In the last week or so I've blogged here about a number of different organizations, including Feedster
, Ask Jeeves
and a blog called NEI Nuclear Notes
. All three found out that I was blogging about them and responded in a matter of hours or days. When I wrote that Ask Jeeves's user comment page on their website was suffocating and insulting, the company's Customer Support manager emailed me a couple of days later. She said, basically, thanks for the feedback, we'll see what we can do. Cool. When I blogged about Feedster's search to RSS function not working the way I needed it to, a member of their company posted a response and told me that it worked just fine. (It does appear to now. Oops.) The Nuclear Notes blog posted a link back to me and now I've been having nuclear industry people visiting my blog a bunch. (Strange.)
You should know when someone online is writing about you, good or bad. If it's bad you should be ready to respond asap if appropriate. How do organizations like this do it? Most commonly, people set up a search through either Technorati
for their web site's URL. (These engines specialize in searching the millions of blogs on the web.) That way, whenever someone posts their URL on another site, the search engines will find it. The searches are set up as RSS feeds (see definition of terms
, if needed) so that every time you log in to your RSS reader's inbox, along side new items from all the news sites and blogs you've subscribed to, you'll see if there are any new results for the searches for links to your blog or website. It happens pretty fast, and the faster you can respond the better it looks. If someone is linking to something you've written or if they have nice things to say about you, then knowing about it allows you to further extend the conversation and develop a relationship.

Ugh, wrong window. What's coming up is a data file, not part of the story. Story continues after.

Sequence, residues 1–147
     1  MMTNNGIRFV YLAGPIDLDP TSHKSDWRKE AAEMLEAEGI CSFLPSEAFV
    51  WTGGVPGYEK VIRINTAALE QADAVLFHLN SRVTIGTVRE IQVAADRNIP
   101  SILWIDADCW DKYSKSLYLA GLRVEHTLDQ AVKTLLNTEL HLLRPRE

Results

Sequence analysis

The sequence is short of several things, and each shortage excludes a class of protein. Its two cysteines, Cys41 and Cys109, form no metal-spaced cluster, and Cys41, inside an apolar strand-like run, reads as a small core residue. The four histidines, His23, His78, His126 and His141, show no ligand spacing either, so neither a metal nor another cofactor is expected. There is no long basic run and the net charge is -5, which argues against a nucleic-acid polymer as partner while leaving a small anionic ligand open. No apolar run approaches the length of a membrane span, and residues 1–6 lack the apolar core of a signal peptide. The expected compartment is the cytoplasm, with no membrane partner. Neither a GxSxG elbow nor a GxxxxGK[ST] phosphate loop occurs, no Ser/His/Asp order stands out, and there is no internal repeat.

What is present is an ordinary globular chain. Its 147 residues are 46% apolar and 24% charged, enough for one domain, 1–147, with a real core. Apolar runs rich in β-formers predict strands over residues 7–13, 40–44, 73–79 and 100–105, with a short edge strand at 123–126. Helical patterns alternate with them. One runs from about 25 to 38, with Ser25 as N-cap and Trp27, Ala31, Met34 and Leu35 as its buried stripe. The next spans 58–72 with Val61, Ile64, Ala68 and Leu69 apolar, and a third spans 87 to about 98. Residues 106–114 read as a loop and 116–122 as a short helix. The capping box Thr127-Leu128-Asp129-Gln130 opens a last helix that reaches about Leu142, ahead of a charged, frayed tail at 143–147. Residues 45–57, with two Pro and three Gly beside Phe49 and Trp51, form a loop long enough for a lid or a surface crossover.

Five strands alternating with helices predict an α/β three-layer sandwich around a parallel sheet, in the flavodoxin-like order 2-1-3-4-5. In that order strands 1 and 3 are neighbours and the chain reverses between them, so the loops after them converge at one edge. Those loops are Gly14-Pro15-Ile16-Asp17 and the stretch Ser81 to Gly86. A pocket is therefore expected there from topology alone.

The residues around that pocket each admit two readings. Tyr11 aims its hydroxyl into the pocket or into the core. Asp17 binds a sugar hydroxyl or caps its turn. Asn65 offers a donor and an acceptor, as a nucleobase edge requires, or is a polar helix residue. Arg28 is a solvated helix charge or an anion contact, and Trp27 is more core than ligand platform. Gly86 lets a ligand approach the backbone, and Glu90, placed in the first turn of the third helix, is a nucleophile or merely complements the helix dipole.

Linking is a big part of what the web is all about, and always has been. I got lots of traffic, and thus participation in discussions, from being linked to by Geek News Central
and Marketing Studies.net
. We didn't exchange links just for the sake of traffic, but because I wrote about something that was useful to them (a review of GNC's podcast and a link to RSS Mix
sent to MarketingStudies.net.) Providing valuable and interesting content is the key to quality linking and online discussion, and the above persistent search engines are an important enabler for all of it to occur - for all of us to get the most out of this medium of communication called the web.
Which one of these blogosphere search engines works best? I don't know, but I do know that they find different results in different time frames. So why not use them all? A good RSS reader will let you put feeds in a folder, so start a folder for reputation tracking and just put as many search feeds as you can in it. It won't do anything but sit there quietly until it finds something new.
Searching for people talking about you is of course just one subset of a larger search strategy you can employ to be similarly notified automatically of search results regarding any subject of interest. Automating and personalizing your information inflow saves you a huge amount of time and energy while exposing you to valuable content streams you would have otherwise never seen.
Then, when something important comes down the stream, you can save it in your archive (like Furl.net
) for later retrieval. It's pretty cool.See also: my earlier post, Persistent search to RSS options
Technorati Tags: Search
, Persistent Search